Talking to this paper Dr Samdup Chettri, said they formed a group ‘before 2008 elections’ by July 2006 which had already tabled their agendas and began by September 2006 with slogans ‘informed choices’. They began informing the people about democracy, educating them. It is said that right after Druk Phuensum Tshogpa was formed; they sent their coordinators to the constituencies to educate people on democracy.
What really happened?
The group formed by these prominent Lhotshampas was called Bhutan People’s United Party (BPUP) that asked then incumbent ministers- Lyonchhen Jigmi Y. Thinley (then Home Minister) and Lyonpo Khandu Wangchuk (then Prime Minister) cut they all declined to join any parties.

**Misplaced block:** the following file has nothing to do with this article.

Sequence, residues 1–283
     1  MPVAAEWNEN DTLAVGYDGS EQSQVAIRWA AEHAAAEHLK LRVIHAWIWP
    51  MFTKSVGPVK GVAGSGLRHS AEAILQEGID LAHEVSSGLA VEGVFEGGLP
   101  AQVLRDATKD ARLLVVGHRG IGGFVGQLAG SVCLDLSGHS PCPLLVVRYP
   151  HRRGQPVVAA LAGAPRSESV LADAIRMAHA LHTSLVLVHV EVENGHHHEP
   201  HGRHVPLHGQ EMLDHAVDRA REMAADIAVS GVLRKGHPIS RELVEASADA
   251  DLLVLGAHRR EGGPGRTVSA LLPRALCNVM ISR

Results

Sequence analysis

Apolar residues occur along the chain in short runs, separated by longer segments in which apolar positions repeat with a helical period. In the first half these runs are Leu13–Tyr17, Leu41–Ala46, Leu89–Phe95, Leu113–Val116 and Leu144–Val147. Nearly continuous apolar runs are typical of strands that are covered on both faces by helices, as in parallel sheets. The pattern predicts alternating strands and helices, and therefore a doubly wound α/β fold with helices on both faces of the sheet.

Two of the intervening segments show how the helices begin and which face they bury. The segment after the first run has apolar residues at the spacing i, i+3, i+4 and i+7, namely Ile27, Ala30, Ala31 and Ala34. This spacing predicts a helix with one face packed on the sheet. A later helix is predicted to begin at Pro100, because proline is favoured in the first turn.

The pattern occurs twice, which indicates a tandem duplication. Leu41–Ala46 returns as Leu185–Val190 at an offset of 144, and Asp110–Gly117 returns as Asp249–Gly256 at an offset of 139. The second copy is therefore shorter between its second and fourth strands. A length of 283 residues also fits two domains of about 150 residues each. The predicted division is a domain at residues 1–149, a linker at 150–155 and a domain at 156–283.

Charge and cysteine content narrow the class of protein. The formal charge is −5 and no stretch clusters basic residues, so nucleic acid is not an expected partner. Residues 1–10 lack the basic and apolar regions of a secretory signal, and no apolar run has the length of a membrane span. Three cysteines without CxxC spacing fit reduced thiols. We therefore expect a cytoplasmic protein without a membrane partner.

After this, BPUP went on to ask the People’s Democratic Party (PDP) to make one front of their manifesto as ‘citizenship issues’ which PDP declined and later, they went to ask the DPT, offshoot of BPUP that agreed to make the proposals of this group as their top priority.
Excerpt from the book ‘Drukyul Decides’:
“They first approached the PDP and held discussion with them but were categorically told that such demands could not be accepted. Because of the lukewarm reception from the PDP, the group decided to stick by the BPUP. Later, when the five ministers were approached to lead the BPUP, the Lhotsham group approached Jigmi Y. Thinley who said he would attach top priority to the Lhotshampa issue and do his best to solve it once for all as this would foster greater sense of security and peace in the country. Following this, the group stayed with the DPT.”